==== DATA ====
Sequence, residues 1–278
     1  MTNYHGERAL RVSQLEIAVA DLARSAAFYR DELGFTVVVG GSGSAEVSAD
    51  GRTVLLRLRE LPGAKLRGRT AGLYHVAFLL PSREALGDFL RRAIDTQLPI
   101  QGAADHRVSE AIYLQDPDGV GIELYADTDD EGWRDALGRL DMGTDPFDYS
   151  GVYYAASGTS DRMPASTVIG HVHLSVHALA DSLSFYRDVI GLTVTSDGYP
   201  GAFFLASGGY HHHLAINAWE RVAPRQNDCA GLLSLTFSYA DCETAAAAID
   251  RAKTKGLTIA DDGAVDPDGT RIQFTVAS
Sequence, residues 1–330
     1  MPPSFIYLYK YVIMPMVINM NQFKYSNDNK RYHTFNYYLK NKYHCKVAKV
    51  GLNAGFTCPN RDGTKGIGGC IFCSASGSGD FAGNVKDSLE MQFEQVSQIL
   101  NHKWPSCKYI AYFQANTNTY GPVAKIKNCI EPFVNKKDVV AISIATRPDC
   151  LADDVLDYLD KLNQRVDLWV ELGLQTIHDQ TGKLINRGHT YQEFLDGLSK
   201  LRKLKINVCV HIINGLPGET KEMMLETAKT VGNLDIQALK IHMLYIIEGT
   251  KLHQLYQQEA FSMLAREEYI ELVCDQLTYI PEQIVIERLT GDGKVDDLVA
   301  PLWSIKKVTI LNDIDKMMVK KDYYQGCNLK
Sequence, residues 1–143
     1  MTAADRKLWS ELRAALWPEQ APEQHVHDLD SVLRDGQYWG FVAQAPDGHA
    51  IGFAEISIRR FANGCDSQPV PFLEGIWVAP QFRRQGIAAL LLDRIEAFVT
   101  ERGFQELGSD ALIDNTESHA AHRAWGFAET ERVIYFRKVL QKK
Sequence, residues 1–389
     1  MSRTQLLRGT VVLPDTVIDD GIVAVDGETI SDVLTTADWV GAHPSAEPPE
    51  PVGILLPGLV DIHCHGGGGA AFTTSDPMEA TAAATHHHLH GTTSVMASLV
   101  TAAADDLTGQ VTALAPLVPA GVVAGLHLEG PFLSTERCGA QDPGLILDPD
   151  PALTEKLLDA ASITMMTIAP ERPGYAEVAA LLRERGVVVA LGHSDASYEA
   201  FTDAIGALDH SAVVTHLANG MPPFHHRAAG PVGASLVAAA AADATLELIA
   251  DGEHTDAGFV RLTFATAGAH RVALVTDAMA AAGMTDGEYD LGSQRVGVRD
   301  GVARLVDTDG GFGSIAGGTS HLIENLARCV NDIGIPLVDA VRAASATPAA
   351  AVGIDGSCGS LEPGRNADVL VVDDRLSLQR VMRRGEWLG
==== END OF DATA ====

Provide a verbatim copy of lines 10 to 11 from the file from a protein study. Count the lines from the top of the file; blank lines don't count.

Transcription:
    51  GLNAGFTCPN RDGTKGIGGC IFCSASGSGD FAGNVKDSLE MQFEQVSQIL
   101  NHKWPSCKYI AYFQANTNTY GPVAKIKNCI EPFVNKKDVV AISIATRPDC